A Year in the Life of a Stage Manager.

Performing Arts courses have no trouble attracting thousands of would be actors and singers to audition, but if you’re after an exciting career, working backstage might be more the answer. The Actors College of Theatre and Television (ACTT) in Sydney asked two of their tutors in Stage Management what they actually get up to.

So, what do Stage Managers actually do? ACTT says everything. They are leaders, organisers, managers, artist liaisers, show-callers, babysitters, and teachers, generally all at the same time.  Stage Managers are the individuals who make sure everything goes according to plan, from first rehearsals to the performance, and are imperative in creating a successful live production.

Ryan Tate is a graduate of ACTT’s Advanced Diploma of Stage Management. His theatre credits since 2006 include Priscilla, Queen of the Desert, Bell Shakespeare’s Taming of the Shrew, and 42nd Street. He was also Venue Co-ordinator of the London 2012 Olympic Games Opening and Closing ceremonies.

“In the past year I got to open a new Children's play, The Incredible Book Eating Boy at the Sydney Opera House before touring it up the East Coast. I returned to start onDaylight Saving, an Australian play by the late, great Nick Enright at the Eternity Playhouse with a fantastic cast.

“Next was a children's puppet show, Charlie & Lola's Extremely New Play, which we toured to Melbourne and Perth over summer. I’m now approaching 80 shows as Deputy Stage Manager on Strictly Ballroom The Musical (directed by Baz Luhrman) in Melbourne, and many more to go.”

Farlie Goodwin trained as a Stage Manager at The London Academy of Music and Dramatic Arts. Here’s a snapshot of Farlie’s past year.

“I was recently offered a 'Job of a Lifetime', as Stage Manager on the Russian Opera Eugene Onegin, for a national tour of Norway, working for a wonderful company called NOSO (Nord Norway Opera and Symphony Orchestra). My first thought was “Brilliant, I get to be paid to travel in a new country – a holiday!” My second thought was “How am I going to understand the language and be able to do my job correctly?” which caused no small amount of fear.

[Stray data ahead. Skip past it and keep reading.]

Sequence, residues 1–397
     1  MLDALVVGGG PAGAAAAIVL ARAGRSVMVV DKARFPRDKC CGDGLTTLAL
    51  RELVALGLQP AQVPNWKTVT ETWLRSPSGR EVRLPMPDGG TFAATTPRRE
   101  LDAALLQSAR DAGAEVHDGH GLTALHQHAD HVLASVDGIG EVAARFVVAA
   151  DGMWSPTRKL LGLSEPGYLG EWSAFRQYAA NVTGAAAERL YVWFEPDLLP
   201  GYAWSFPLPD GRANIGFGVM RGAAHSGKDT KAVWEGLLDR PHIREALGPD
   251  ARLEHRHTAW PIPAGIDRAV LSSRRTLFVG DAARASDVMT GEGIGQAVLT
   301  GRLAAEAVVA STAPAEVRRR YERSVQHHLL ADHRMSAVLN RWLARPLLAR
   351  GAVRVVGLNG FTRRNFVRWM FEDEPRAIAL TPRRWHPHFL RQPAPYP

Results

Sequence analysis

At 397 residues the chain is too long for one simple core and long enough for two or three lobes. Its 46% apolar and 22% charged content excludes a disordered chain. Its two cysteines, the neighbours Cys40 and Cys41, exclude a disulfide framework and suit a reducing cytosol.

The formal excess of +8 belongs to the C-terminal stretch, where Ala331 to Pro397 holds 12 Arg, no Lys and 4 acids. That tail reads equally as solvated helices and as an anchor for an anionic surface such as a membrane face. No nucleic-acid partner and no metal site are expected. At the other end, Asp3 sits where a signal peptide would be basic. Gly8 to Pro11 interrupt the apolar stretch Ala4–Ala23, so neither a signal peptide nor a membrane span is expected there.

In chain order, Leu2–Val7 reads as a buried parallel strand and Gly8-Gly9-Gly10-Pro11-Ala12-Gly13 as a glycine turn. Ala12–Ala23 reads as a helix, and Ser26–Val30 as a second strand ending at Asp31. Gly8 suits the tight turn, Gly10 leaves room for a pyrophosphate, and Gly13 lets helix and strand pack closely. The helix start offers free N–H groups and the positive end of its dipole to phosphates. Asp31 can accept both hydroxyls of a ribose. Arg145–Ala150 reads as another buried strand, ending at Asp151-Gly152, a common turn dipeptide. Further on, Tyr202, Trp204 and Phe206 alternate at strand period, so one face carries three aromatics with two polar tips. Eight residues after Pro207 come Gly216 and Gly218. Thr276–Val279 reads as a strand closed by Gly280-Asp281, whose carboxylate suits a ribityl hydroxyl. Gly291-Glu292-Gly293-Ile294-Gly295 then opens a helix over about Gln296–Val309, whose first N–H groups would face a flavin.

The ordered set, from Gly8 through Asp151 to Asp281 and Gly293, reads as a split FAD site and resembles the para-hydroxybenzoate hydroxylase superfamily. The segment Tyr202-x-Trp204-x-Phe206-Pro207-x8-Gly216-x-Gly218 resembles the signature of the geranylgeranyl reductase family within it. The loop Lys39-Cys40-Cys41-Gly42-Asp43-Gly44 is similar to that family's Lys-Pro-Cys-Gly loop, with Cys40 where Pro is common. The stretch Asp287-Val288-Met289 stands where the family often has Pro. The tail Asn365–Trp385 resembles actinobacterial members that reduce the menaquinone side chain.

“On the first day I realized that 90% of rehearsals would be in Norwegian and, very quickly, that stage management in Norway is not the same as in Australia. I had to train the director, the performers and the creatives in my way of stage management. This caused some tension, especially dealing with a second language, but ultimately it resulted in great appreciation of stage management, communication and the ability to overcome challenges.

“I can now confidently say that music is an entirely international language, understood by all. It was an experience of a lifetime because I got the opportunity to share my love of stage management, to work with amazing international performers and, of course, have a great holiday in Norway. I'll be going back next year.”  

ACTT’s Advanced Diploma of Live Production and Management Services will prepare students for all manner of theatre productions, large-scale events, such as the Olympic Opening and Closing ceremonies that Ryan worked on, to festivals, galas and corporate functions. More importantly, it will teach invaluable skills in management and communication that can be applied to any job in any industry.

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